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Re: E-M:/ Fw: Socialism and Smart Growth
- Subject: Re: E-M:/ Fw: Socialism and Smart Growth
- From: MCKENNA193@aol.com
- Date: Tue, 27 May 2003 10:06:06 EDT
- Delivered-To: email@example.com
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- List-Name: Enviro-Mich
- Reply-To: MCKENNA193@aol.com
Tom and EMers,
To be sure, Bray is peddling fear. It's not commissars who might help set enlightened land use policy, but citizens!
The corporations and their representatives hold sway (see my "Woody's Lament" article below) with land use policy, as they do with water use policy (increasingly privatized -- American Water Works has been bought out by European capital) and air use policy (our children are forced to breath asthma inducing/carcinogenic diesel exhaust on their school buses because of the auto and oil lobbies, abetted by the Bush administration).
But make no mistake, land use policy, democratically applied, is socialist-oriented, as are public schools, social security and national health insurance (something 44 million of us would benefit from). And that's a very good thing. Of course, the right wing is seeking to undermine anything that smacks of the public interest (unless it benefits capital first and foremost). Increasingly, we do indeed have a choice, socialism or barbarism. And it's for us to make the socialism democratic!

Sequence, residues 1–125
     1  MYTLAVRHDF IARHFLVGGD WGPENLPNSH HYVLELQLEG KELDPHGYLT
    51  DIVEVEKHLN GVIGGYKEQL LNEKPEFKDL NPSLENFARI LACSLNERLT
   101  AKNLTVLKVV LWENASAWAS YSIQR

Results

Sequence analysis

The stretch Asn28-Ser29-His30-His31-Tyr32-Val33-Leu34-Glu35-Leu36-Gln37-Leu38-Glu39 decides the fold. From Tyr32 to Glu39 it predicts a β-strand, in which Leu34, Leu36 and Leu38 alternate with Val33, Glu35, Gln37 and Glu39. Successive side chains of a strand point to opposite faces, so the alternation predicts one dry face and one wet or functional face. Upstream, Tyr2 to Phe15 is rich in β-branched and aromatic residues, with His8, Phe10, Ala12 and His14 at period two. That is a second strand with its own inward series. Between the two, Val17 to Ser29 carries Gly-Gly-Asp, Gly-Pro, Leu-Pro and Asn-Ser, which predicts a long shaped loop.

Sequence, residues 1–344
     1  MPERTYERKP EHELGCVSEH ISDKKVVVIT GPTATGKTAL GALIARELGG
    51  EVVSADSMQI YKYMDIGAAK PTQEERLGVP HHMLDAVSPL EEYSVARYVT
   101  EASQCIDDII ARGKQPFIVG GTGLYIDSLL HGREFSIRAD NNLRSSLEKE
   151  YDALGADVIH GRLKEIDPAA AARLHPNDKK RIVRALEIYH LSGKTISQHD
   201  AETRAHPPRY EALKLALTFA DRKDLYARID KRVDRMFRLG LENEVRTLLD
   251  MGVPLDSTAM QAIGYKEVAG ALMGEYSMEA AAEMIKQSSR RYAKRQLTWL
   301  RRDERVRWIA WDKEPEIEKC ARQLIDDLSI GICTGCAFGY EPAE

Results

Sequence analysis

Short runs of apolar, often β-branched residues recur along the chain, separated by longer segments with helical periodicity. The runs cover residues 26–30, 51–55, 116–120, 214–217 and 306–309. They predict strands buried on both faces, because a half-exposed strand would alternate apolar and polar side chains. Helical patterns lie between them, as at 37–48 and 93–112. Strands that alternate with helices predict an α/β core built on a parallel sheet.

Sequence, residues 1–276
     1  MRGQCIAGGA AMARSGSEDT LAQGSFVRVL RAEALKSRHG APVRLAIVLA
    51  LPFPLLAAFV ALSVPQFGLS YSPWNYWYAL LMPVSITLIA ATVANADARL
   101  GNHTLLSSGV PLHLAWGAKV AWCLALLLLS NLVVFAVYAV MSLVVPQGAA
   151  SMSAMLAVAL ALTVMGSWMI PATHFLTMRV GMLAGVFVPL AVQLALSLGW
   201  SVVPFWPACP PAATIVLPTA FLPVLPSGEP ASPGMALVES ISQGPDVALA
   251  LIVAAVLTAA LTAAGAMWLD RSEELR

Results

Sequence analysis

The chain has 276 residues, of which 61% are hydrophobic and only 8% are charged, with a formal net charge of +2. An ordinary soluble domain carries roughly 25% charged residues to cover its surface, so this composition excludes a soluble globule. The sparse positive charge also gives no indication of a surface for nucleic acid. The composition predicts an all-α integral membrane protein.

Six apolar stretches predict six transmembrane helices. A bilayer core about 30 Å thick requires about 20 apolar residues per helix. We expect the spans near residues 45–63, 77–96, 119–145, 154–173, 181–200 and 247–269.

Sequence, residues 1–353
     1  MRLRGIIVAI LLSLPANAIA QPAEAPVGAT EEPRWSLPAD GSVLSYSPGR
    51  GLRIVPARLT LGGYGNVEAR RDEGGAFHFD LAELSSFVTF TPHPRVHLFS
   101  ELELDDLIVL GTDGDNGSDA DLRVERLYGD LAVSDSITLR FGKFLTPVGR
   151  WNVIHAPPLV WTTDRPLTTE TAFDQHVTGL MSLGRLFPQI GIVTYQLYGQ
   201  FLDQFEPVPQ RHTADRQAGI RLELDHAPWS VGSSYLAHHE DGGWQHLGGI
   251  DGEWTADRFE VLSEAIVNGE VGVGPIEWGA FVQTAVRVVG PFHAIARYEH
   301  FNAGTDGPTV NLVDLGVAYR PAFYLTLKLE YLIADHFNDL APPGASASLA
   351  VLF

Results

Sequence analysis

Woody's Lament: This Land is Walmarts
We lost 27 square MILES of Ingham County farmland between 1987 and 1997, according to the U.S. Census of Agriculture. That’s practically the size of the entire city of Lansing (33.9 square miles)! That’s a lot of turnips that won’t turn up. Truly mindboggling.
Now why aren’t more schoolchildren (and their parents) aware of this uncomfortable fact? I know one reason, and for help on this one I turn to Woody Guthrie, whose verse from his classic folksong “This Land is Your Land” makes the point well.
“As I was walkin’, that ribbon of highway, I saw a sign there, said ‘Private Property.’ But on the other side, it didn’t say nuthin, THAT side was made for you and me. ...”
Woody was trying to tell us that we all own the land. However in our corporate system, we have been socialized to accept the idea that great vistas of land, perhaps our most basic natural resource, are not ours at all. Since we feel that we have no rights over it, and since we have little say over its use, we grow estranged from it.
So corporations invoke their will on the land instead. Walmart – now Fortune 500’s No. 1 corporation in the world, with nearly $220 billion in revenues in 2001 (and a vicious anti-union shop to boot) – just established the right to build a megastore in Meridian Township, winning a multi-year battle to build a 141,000-square-foot retail outlet against the will of township trustees who spent $101,500 to stop them in a losing cause.